If you’ve worked in the digital space for any length of time, you know it’s easy to become unaware of your surroundings. Many of us work from home. We work with the same clients for 2-5 years. We work with the same department team for even longer.
Every once in a while, I come out of my isolation cave and join the real world. And, let me tell you, there’s nothing more humbling than sitting in a room of 21,600 people that all do the same thing you do.
While absorbing the speakers, vendors and experience that is HubSpot’s annual Inbound Conference in September, there was one resounding theme I gleaned from this year’s buzzwords: If you’re not thinking about the customer, you’re not doing it right.
From the new product releases to the breakout sessions to the chatter among the attendees, it was clear that the customer is where we should be directing our attention.
You may be thinking, duh, this is another cliché post about “keeping your customers at the forefront.”
But alas, I’m hoping to surprise you. Here are a few things that marketers (in-house and agency side) should be thinking as we plan and budget for 2018.
Identify Your [Actual] Buyer Personas
Yes, knowing who you WANT to target is important, but there is a wealth of knowledge to be gleaned from identifying trends and consistent characteristics among your current customer base. Do not ignore the customers who wandered onto your site—or into your store—that you never intended to target. Find out who they are and why they find you appealing, and learn from it.
Integrate Those Personas into EVERYTHING You Do
Once you’ve identified your buyer personas—and hopefully it’s a mix of ones you want to target and ones that are drawn to you naturally—map out your buyer’s journey for every marketing channel. If they find you from your amazingly crafted Facebook ad, where do you want them to go next? And don’t forget: just because you want them to become your customer tomorrow, doesn’t mean they’re ready to be.
Your target consumer may need 3-5 touches from you before they’re ready to make a commitment. Run some ads testing TOFU, MOFU and BOFU offers. See what has traction with your target audience. You may be surprised to find that your customers go for the softball pitch first by downloading an ebook, then they engage with your email offer, then they find themselves ready to speak to someone who works for you and then they are finally ready to talk about what a commitment might look like.
Map the buyer journey for each marketing channel (digital and otherwise) you’re investing in and make sure it caters to what your customer wants (not what you need).
Build Content for Your Audience—and Make Sure It’s Good!
Every piece of content you produce should pass your own personal sniff test. When you’re done creating content, ask yourself, “Would I download this?” If the answer is no, your consumer won’t either.
In today’s digital world, we must accept that we’re going to have to give up something for free. Let that be an actionable tip, a tool we may have wanted to mark up and sell ourselves or just some advice. Today’s customer has a lot of choices. Give them something they’ll remember.
[bctt tweet=”Every piece of content you produce should pass your own personal sniff test. Ask yourself, “Would I download this?” ” via=”no”]
Meet Your Customer Where They Are
This was one of my biggest takeaways from listening to the keynote speech given by HubSpot’s CTO, Dharmesh Shah. The new features they’re releasing give businesses the chance to truly speak to their customer in whatever channel they’re engaging in.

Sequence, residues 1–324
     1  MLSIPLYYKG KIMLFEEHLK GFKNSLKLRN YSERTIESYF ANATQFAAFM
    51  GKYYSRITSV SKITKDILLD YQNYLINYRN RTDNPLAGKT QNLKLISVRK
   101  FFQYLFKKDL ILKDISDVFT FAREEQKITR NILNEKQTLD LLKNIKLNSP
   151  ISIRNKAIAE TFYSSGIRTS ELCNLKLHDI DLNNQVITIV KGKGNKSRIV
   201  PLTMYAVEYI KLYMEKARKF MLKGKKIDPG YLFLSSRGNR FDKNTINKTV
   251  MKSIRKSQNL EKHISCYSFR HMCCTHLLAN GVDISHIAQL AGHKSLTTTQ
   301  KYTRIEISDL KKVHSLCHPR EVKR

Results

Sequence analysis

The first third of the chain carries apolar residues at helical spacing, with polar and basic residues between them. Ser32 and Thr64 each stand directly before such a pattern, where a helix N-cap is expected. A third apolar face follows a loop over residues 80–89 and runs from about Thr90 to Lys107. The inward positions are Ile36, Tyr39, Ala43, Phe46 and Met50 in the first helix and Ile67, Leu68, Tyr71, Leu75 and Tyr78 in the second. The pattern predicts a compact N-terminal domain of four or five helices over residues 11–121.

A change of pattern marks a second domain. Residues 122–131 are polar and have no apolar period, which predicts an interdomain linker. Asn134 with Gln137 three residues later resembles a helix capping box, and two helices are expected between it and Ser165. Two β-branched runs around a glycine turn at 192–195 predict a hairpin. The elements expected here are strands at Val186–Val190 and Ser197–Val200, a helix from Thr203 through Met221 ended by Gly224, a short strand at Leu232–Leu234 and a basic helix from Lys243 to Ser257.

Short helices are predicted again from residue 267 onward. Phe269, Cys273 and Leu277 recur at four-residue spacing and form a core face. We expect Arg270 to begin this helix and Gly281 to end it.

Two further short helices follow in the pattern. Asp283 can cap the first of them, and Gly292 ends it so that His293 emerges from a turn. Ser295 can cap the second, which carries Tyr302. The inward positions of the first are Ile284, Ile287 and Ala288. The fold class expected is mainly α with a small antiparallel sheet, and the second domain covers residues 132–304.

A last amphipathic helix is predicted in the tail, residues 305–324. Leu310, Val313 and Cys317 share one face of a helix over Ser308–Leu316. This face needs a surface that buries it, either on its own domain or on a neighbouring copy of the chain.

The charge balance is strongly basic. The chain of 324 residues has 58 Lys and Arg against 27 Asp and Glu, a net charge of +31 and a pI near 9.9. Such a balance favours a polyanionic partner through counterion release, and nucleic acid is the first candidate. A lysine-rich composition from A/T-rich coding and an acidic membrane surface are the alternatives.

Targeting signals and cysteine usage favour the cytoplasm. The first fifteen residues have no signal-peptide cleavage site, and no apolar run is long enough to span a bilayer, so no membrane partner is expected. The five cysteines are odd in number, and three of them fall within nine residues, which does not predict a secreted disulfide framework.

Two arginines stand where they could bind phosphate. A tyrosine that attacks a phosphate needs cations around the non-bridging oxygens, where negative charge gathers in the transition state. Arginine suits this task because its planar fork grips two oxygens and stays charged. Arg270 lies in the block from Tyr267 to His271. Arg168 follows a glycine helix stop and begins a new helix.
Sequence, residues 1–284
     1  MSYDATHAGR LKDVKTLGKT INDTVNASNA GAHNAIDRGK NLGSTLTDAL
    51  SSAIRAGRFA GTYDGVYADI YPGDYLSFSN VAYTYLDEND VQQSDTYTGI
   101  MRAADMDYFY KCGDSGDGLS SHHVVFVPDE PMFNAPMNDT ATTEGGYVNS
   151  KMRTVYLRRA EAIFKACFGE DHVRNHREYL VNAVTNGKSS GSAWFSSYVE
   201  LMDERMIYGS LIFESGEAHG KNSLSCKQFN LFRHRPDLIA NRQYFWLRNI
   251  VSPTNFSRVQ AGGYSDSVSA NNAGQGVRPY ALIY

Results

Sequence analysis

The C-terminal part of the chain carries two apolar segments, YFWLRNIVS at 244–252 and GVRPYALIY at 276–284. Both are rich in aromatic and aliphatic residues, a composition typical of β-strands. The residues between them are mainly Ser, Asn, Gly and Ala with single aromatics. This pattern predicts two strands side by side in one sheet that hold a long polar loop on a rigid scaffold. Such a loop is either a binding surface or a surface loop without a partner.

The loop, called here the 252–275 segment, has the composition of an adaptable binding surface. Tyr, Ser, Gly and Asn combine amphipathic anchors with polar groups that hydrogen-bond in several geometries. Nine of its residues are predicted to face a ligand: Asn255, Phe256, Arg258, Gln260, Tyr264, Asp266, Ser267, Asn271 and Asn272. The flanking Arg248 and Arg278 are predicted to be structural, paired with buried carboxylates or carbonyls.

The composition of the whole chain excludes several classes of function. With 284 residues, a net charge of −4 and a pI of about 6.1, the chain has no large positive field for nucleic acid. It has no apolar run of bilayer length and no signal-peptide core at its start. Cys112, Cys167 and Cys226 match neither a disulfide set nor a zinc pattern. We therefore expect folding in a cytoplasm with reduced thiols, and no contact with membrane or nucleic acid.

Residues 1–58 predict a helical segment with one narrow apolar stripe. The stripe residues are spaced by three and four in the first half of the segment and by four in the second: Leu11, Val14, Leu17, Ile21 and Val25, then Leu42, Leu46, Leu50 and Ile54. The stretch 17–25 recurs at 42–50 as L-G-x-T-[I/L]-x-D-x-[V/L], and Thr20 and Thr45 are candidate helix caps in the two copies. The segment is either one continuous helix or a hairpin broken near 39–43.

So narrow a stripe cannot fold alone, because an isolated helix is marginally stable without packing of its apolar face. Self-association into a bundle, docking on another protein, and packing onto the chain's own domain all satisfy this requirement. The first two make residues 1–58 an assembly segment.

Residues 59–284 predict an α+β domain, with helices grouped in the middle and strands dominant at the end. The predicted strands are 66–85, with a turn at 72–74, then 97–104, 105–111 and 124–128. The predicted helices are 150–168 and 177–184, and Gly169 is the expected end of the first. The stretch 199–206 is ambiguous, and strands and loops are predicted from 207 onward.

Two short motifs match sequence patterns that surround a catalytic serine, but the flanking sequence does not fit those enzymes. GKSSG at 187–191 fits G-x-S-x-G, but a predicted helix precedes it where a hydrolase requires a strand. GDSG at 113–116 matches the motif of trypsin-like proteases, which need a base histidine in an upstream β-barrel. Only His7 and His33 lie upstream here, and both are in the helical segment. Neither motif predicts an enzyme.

HubSpot’s new feature takes the inquiries through Facebook, chat, email, phone and funnels it into one central location. Yes, that’s great because it makes it easier for us to not drop balls and communicate with our customers, but it also shows that our customer is not communicating via our new fancy chatbot just because we paid a lot of money to have it added to our site.
Your customer will communicate in whatever channel is easiest for him/her. Be where your customer is. If HubSpot is not for you, invest in an employee (or three) to maintain various communication channels so you don’t miss out on an opportunity just because you weren’t looking.
Invest in End to End Reporting
Smaller companies have this easy. If you’re selling a few new products/services each month, it’s not too hard to lean over to John or Susie and ask how the latest new customer first interacted with your company. Heck, most customers will just give this information up to you if you ask. For larger companies, this is harder to do, but it’s imperative you invest in being able to track a customer from the first touch all the way through to the sale. The only way to succeed is to know what’s working and what isn’t.
Getting Google Analytics set up on your site is a start, but some work will need to be done to prime that tool to show you revenue, and even then, you need to marry this data with tools, like HubSpot, that will give you insight into all of your customer touchpoints before they turned into revenue. The process of doing so may seem like an unattainable goal, but it’s worth investing in professionals to help you map out the process. As technology continues to change, this will become more and more important.
Customer experience is truly replacing what we used to know as customer service. We can no longer build a customer service model that works for us. We must cater to the customer experience from discovery to sale, and all the way into support and retention, to what is working for them.
To better understand your customer’s journey talk to us about BFO Engage or our Google Analytics approach, start a conversation!
In the meantime, check out our ebook, The Marketer’s Guide to Buying Google Analytics 360.